Raman Spectroscopy

When a molecule or crystal scatters light, most photons which are scattered are elastically scattered. These photons maintain the same energy (frequency) and, hence, wavelength, as the incident photons. Though, a small fraction of light (nearly 1 in 107 photons) is scattered at optical frequencies different from, and usually lower than the frequency of the incident photons. The process which leads this inelastic scatted is Raman Effect. The Raman scattering can happen with a change in rotational, electronic or vibrational energy of a molecule. If the scattering is elastic, the process is known as Rayleigh scattering. If it’s not elastic, the process is called Raman scattering.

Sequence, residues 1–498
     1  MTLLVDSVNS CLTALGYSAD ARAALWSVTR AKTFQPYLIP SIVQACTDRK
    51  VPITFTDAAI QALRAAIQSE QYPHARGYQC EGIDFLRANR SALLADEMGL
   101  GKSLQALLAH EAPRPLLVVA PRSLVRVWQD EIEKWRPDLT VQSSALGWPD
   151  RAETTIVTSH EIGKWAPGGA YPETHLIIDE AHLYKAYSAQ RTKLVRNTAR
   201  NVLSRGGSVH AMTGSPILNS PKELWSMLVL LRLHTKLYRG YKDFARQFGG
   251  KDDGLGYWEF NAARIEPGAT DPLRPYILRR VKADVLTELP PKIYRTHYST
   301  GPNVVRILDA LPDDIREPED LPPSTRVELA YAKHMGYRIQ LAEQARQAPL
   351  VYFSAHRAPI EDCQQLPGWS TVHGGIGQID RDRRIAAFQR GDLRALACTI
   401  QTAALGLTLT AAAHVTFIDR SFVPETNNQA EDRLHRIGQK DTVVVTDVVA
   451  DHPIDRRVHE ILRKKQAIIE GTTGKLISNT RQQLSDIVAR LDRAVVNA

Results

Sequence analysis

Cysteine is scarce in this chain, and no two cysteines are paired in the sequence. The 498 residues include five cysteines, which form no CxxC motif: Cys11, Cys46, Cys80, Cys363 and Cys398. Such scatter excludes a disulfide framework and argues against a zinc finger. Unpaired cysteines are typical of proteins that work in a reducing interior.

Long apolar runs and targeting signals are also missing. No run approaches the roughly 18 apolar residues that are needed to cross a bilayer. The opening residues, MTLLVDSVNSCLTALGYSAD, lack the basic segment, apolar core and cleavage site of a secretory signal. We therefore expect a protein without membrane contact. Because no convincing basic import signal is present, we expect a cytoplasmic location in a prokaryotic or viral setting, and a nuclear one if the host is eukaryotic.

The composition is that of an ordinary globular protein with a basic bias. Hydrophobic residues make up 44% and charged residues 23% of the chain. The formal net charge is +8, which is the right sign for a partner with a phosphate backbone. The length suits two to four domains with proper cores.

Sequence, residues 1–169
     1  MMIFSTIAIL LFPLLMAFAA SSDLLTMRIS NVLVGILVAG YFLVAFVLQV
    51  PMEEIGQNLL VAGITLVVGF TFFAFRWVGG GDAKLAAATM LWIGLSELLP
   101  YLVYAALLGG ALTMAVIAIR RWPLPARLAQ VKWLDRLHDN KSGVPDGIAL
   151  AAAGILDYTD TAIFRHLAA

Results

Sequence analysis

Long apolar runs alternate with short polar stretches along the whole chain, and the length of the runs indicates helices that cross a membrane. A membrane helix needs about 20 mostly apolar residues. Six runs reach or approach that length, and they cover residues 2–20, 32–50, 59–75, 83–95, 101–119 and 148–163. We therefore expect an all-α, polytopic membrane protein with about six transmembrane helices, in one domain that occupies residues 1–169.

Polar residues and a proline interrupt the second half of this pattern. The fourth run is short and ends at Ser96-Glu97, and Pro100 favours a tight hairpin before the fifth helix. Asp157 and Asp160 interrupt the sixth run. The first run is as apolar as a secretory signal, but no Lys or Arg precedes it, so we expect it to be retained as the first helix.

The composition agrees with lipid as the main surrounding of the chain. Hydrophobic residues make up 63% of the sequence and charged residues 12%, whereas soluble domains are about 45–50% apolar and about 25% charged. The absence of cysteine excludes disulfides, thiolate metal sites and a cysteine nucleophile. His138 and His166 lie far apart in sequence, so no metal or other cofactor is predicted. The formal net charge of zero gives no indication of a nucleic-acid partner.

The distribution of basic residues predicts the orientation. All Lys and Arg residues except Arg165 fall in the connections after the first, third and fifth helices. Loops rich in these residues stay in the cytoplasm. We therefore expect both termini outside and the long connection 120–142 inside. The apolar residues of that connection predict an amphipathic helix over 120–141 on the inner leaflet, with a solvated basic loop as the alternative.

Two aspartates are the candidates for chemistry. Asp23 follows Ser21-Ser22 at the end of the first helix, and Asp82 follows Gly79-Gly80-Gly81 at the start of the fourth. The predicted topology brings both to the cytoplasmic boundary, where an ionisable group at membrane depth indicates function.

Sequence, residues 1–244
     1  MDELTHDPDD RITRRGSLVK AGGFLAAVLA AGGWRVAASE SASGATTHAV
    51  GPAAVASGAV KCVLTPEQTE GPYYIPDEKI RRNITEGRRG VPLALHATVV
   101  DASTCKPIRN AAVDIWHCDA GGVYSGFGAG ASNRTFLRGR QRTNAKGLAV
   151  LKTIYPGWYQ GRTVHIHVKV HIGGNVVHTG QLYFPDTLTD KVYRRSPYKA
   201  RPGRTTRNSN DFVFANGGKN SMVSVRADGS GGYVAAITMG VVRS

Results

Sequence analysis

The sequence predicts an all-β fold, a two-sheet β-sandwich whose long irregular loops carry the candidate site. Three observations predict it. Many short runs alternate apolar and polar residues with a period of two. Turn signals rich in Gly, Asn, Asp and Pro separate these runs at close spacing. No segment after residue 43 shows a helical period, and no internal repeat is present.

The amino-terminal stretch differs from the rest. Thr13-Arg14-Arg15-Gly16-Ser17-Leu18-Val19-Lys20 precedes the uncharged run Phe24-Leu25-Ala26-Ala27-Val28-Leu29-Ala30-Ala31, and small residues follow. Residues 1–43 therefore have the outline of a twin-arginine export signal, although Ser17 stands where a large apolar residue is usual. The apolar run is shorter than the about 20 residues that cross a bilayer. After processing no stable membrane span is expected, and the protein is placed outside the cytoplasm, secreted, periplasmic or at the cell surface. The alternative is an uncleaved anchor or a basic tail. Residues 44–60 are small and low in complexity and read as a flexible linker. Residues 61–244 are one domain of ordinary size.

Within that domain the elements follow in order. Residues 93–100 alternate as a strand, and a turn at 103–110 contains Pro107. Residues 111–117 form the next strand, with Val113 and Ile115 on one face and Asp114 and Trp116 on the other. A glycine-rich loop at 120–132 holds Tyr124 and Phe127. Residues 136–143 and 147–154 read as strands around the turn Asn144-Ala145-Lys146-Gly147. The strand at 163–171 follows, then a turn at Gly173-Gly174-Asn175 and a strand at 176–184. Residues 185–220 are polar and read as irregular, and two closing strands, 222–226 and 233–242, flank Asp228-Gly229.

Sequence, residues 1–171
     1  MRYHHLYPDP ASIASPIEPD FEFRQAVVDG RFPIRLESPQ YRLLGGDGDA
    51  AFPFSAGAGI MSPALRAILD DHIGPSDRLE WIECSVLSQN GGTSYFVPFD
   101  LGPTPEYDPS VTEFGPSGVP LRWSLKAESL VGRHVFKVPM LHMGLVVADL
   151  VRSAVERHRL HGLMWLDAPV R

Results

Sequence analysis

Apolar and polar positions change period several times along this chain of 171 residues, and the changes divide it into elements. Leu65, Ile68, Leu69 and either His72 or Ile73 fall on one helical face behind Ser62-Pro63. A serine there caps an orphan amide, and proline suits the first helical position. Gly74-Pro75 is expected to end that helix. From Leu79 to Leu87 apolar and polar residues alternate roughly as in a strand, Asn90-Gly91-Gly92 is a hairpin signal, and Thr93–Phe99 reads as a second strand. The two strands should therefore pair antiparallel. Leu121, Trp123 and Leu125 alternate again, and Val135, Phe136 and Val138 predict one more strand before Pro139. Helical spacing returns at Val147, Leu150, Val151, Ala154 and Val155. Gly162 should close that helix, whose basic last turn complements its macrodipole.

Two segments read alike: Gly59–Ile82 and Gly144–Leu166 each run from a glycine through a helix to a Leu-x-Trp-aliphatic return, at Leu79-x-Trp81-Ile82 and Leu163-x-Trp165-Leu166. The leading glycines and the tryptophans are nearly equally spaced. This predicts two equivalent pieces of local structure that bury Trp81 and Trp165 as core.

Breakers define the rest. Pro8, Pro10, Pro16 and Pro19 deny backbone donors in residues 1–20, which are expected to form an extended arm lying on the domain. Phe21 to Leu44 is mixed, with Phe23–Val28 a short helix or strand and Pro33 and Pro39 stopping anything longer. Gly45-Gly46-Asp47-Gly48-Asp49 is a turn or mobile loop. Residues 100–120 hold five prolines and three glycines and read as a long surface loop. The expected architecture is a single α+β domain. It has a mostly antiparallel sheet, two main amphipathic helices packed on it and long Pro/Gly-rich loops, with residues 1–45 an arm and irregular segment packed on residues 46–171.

• Stimulated Raman
  • CARS (Coherent Anti-Stokes Raman)
  • Resonance Raman (RR)
  • Surface-Enhanced Raman Spectroscopy

Related Conference of Raman Spectroscopy

Raman Spectroscopy Conference Speakers